“Bourne, you will cease from duty here tonight at six o'clock.”

“Very good, sergeant-major,” said Bourne briefly; though the dismissal, which he had expected,

  ― (140) ―
took him by surprise at that particular moment. Evidently the sergeant-major thought there was some disappointment in his voice, and it roused in him the appetite to rub it in.

“You are not quite the man for the job,” he said, with satisfaction.

“No, sergeant-major,” said Bourne indifferently, and then added, simply as a matter of casual interest: “I shall be glad to go back to soldiering again.”

Nothing could have flicked them more acutely on the raw, than the implied distinction between their job and his; and, satisfied with the effect of this counter-thrust, he continued his typing. He had become almost an expert. A moment later the signaller looked up at him, and solemnly winked.

“ 'OW D'YOU feel?” said Sergeant-major Robinson when he presented himself at a few minutes after six, pack, rifle and bedding complete.

“Fat and idle, sergeant-major,” replied Bourne, smiling.

“We can cure that. You may go to Sergeant Tozer's 'ut: dare say 'e can make room for you.”

“ 'eard you was coming back, at tea-time,” said little Martlow, as Bourne dumped all his stuff on the ground beside him. “We're not goin' up the line to-night. First night off we've 'ad since we've been in this fuckin' 'ole. What are we goin' to do about it?”

  ― (141) ―

“Where's Shem?” Bourne asked him.

“Washin' 'isself. Let's go into bloody Mazingarbe an' 'ave a bon time, the three on us. I've got vingt frong an' a ten-bob note me mother sent me.”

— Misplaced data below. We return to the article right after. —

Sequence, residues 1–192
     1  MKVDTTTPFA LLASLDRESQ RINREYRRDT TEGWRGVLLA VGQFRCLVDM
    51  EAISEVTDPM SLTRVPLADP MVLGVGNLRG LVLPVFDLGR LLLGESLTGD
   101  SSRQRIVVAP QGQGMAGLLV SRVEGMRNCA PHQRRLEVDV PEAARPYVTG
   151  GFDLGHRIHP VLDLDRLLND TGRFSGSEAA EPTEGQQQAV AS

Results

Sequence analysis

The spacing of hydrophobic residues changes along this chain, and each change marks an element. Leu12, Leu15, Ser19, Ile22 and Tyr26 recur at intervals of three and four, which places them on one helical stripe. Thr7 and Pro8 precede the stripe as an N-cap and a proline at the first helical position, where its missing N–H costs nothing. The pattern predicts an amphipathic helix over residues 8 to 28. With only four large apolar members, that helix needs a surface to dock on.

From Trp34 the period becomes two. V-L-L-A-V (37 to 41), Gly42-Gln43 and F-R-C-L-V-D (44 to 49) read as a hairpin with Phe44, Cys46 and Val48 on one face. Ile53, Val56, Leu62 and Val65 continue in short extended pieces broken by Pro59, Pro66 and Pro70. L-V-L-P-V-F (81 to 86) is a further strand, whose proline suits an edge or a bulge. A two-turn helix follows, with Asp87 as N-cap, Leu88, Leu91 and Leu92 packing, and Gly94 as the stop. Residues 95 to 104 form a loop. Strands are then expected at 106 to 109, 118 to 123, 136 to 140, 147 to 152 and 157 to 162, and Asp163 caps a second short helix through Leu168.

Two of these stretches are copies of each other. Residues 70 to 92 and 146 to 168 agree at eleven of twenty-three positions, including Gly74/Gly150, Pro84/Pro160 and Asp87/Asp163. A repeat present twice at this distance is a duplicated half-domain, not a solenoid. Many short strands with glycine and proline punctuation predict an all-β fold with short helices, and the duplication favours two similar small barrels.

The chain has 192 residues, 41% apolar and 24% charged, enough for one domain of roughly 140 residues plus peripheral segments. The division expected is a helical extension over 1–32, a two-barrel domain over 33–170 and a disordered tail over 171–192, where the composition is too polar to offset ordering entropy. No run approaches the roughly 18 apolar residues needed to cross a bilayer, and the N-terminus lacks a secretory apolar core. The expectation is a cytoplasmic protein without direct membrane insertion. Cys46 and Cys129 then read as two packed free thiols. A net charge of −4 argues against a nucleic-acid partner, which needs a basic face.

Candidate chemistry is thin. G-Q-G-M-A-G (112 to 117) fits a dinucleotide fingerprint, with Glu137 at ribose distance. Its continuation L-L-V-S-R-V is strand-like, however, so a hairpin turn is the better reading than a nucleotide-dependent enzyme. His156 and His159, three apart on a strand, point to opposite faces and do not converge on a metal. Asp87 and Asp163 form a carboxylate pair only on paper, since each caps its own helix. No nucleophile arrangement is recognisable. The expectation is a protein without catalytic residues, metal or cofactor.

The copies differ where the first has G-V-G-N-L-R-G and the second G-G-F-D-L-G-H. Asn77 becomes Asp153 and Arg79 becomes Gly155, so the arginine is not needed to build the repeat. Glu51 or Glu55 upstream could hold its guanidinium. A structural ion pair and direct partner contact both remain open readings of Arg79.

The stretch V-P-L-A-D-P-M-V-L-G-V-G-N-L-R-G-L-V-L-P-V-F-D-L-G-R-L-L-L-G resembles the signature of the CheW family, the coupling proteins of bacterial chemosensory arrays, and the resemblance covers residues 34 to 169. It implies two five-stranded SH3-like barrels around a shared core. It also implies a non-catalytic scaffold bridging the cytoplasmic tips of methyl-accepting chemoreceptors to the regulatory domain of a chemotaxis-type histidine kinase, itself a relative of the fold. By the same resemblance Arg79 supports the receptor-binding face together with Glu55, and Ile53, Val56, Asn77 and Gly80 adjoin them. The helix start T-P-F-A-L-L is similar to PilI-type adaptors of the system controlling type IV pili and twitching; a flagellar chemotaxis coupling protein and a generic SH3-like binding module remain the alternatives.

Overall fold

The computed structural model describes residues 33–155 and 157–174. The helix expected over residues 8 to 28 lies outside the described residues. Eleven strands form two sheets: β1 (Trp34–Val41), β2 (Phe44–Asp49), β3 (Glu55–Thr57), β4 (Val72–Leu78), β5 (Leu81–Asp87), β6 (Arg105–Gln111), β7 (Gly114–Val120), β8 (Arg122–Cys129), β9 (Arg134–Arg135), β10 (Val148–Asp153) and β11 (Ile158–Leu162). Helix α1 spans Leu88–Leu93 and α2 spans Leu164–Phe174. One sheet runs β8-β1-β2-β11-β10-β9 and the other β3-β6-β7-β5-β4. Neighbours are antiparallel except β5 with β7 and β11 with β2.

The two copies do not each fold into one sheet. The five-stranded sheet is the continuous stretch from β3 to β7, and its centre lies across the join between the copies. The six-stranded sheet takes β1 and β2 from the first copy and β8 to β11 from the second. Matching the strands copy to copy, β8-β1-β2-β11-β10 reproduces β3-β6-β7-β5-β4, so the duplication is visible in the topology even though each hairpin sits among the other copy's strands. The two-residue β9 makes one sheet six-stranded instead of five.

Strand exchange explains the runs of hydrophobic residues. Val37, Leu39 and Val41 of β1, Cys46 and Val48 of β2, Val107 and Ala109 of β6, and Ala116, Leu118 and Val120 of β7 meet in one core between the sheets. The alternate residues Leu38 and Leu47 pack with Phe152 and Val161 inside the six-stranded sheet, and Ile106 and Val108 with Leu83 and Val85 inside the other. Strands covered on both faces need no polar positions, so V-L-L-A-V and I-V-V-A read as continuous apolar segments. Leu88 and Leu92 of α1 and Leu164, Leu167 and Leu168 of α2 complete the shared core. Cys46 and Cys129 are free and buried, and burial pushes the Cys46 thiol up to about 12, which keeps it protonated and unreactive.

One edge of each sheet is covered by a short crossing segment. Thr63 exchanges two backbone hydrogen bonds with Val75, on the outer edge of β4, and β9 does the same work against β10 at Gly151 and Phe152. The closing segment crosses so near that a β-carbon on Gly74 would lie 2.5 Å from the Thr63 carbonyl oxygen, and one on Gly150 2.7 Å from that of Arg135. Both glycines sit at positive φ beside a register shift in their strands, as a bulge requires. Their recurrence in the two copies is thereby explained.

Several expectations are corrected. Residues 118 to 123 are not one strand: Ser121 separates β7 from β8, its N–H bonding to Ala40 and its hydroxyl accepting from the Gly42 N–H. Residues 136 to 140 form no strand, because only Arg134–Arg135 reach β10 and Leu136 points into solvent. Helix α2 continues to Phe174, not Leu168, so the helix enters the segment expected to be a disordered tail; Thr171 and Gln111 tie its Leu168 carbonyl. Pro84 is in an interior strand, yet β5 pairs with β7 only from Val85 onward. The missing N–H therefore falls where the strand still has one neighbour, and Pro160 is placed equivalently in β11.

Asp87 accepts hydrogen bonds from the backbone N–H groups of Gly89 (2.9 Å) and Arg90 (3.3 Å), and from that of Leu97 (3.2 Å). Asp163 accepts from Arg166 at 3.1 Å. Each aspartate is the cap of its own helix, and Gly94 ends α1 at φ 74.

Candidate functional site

Shem appeared in the doorway.

“Do you know where the Padre is billetted, Shem? Come and show me the way; and then I want to find Evans. You had better come along, too, Martlow, and we shall make a night of it.”

“What d'you want Evans for?” asked Martlow jealously.

“I want him to buy me some of that champagne, which is ‘réservée pour les officiers’; as he is the commanding-officer's servant, they'll sell it to him without fuss.”

“Ask Sergeant Tozer to come,” said Shem. “He has been pretty well fed-up lately.”

“All right, but I must find the Padre first. We shall have plenty of time to look for the sergeant later; or you may go and look for him, while I'm waiting for the Padre.”

They took a short cut behind Headquarter Company's huts and the orderly-room, coming out in a side street, or rather lane, in which some of the better houses had secluded themselves. Bourne knocked at a door, and Shem and Martlow, having told him they would meet him at an estaminet in the main street a couple of doors away from the corner, went off to look for Sergeant